Health law funds new search for health care improvements
Published on August 11, 2014 at 10:12 AM
News outlets report on aspects of the health law designed to foster and test innovation in the nation's health care delivery system.
Kaiser Health News: Washington's $10 Billion Search For Health Care's Next Big Ideas
The Affordable Care Act was supposed to mend what President Barack Obama called a broken health care system, but its best-known programs -; online insurance and expanded Medicaid for the poor -; affect a relatively small portion of Americans. A federal office you've probably never heard of is supposed to fix health care for everybody else (Hancock, 8/11).
Chicago Tribune: Obamacare Law Funds Studies On Better Health Care
On a recent afternoon, Dr. Evan Lyon of the University of Chicago Hospitals ... set off to see a patient. Katie White, the patient, was not in a clinical setting but in the bedroom of her small South Side home, about 2 miles from the hospital. The 74-year-old greeted Lyon from a hospital bed that filled the small room -; the bed to which she has been confined for a little over a year. "Glad you could make it," she said with a touch of attitude. White is participating in a clinical trial designed to test an old-new system of delivering health care: having the same doctor treat patients both in the hospital and elsewhere, including making house calls when necessary. The $6 million study is one of dozens of research projects made possible by the Affordable Care Act (Peres, 8/10).
Chicago Tribune: As Others Get Money, Hospitals Fear Cutbacks In Research Funding
Although the Affordable Care Act is directly funding a new variety of medical research, some experts fear the health overhaul also could cut into the money available to fund studies traditionally carried out at academic medical centers. Such institutions typically make money by treating privately insured patients in a fee-for-service environment where sophisticated, high-tech procedures carry hefty price tags. That money then can be used to cover the costs of publicly insured or uninsured patients as well as research projects. But that environment is changing, with a move toward capitated reimbursement systems or bundled payments. The act encourages doctors and hospitals to form networks that share financial and medical responsibility for providing care to patients, and the networks are rewarded when they provide that care more efficiently (Peres, 8/11).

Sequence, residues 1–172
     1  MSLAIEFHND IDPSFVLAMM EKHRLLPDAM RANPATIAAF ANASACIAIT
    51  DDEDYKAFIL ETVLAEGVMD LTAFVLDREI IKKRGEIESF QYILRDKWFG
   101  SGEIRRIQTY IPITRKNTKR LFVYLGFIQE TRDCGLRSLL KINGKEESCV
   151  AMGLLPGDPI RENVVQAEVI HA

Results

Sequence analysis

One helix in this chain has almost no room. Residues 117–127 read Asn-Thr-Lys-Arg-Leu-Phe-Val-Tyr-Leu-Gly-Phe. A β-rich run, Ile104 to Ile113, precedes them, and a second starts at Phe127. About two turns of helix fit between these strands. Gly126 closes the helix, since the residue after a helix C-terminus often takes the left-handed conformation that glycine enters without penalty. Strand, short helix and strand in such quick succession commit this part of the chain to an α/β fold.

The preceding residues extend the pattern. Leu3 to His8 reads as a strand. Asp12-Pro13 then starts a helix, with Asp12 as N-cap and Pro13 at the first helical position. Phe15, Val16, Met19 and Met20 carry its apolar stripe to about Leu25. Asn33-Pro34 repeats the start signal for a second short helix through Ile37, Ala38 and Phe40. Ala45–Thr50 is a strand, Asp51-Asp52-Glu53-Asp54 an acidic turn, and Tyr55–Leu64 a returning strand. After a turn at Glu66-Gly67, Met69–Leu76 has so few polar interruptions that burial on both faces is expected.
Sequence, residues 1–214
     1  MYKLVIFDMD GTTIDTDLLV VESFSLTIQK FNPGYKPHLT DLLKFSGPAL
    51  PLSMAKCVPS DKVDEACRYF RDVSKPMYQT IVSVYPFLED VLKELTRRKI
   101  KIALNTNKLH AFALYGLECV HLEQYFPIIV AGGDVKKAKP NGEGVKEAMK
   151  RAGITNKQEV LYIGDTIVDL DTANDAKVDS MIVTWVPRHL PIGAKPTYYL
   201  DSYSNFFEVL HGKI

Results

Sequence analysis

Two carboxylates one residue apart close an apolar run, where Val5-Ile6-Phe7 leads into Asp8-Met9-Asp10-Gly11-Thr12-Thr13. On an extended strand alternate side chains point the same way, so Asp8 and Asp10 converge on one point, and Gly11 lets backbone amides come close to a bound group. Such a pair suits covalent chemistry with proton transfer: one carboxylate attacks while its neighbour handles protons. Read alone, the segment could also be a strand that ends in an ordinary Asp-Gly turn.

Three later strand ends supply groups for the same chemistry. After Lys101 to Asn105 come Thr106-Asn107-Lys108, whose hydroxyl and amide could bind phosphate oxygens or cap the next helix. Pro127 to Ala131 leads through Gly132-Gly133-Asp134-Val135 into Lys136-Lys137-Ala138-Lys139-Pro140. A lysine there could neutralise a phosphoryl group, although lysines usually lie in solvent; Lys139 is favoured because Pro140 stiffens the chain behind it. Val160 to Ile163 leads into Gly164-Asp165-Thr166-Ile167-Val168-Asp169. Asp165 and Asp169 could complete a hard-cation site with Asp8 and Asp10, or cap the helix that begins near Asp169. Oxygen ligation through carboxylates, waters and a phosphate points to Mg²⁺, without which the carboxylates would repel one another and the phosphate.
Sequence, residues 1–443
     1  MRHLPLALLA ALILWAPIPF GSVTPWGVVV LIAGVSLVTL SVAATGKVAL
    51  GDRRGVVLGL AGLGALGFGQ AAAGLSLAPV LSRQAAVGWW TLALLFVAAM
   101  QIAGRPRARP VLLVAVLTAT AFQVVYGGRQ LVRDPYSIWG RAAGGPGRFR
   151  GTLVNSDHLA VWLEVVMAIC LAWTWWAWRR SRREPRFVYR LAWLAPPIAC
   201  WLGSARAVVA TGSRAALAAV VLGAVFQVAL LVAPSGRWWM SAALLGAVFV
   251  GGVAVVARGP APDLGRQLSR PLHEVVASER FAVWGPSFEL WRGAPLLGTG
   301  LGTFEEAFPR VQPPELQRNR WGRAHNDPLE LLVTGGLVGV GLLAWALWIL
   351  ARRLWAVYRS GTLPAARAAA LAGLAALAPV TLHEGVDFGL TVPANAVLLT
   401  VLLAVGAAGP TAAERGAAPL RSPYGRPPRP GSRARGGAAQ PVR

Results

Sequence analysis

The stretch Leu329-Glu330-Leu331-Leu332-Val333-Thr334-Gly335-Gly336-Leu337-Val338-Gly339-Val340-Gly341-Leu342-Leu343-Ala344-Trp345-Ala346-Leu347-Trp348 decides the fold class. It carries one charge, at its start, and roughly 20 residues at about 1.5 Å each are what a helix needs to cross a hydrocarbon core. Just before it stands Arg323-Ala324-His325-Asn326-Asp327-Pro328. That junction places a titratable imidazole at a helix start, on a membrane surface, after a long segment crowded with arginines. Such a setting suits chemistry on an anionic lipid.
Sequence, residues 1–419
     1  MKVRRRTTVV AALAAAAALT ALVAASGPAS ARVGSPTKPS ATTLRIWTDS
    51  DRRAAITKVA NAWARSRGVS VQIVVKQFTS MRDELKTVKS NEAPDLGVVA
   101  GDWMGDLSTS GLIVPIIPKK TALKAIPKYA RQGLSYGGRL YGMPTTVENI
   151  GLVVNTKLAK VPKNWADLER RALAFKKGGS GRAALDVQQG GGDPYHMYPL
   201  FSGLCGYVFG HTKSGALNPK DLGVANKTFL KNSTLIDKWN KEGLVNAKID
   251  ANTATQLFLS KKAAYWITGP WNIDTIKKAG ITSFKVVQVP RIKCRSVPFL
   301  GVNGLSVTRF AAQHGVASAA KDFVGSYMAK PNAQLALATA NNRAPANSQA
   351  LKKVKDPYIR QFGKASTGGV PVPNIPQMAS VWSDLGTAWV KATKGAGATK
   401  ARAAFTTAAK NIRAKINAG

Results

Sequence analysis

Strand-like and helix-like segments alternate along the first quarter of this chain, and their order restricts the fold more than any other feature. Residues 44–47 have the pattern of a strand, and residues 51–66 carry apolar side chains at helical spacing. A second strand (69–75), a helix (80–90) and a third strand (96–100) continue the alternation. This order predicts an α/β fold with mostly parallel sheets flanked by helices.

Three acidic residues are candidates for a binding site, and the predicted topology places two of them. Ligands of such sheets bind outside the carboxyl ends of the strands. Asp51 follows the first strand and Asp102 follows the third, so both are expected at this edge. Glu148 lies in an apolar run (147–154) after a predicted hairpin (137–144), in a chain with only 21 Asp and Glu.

Meanwhile, on another health law implementation issue -
Bloomberg: Freshway Contraceptive Coverage Bar Allowed By Court
Fresh Unlimited Inc. won't have to provide contraceptive coverage for its employees under the Obama administration's health-care reform law, in what may be the first exemption granted since a June U.S. Supreme Court ruling. The parent of Freshway Foods today won an appeals court ruling that qualifies it for the same treatment the high court approved in its June 30 Hobby Lobby decision allowing family-run businesses to claim a religious exemption from the requirement to include contraceptives in their health insurance plans. The suit by Francis and Philip Gilardi, who own Sidney, Ohio-based Freshway, is one of about 50 filed by for-profit businesses over religious objections to the Patient Protection and Affordable Care Act of 2010's birth-control coverage mandate. The Gilardis are Roman Catholic and said that complying with the U.S. Department of Health and Human Services mandate would require them to violate deeply held religious beliefs (Zajac, 8/8).
This article was reprinted from kaiserhealthnews.org with permission from the Henry J. Kaiser Family Foundation. Kaiser Health News, an editorially independent news service, is a program of the Kaiser Family Foundation, a nonpartisan health care policy research organization unaffiliated with Kaiser Permanente.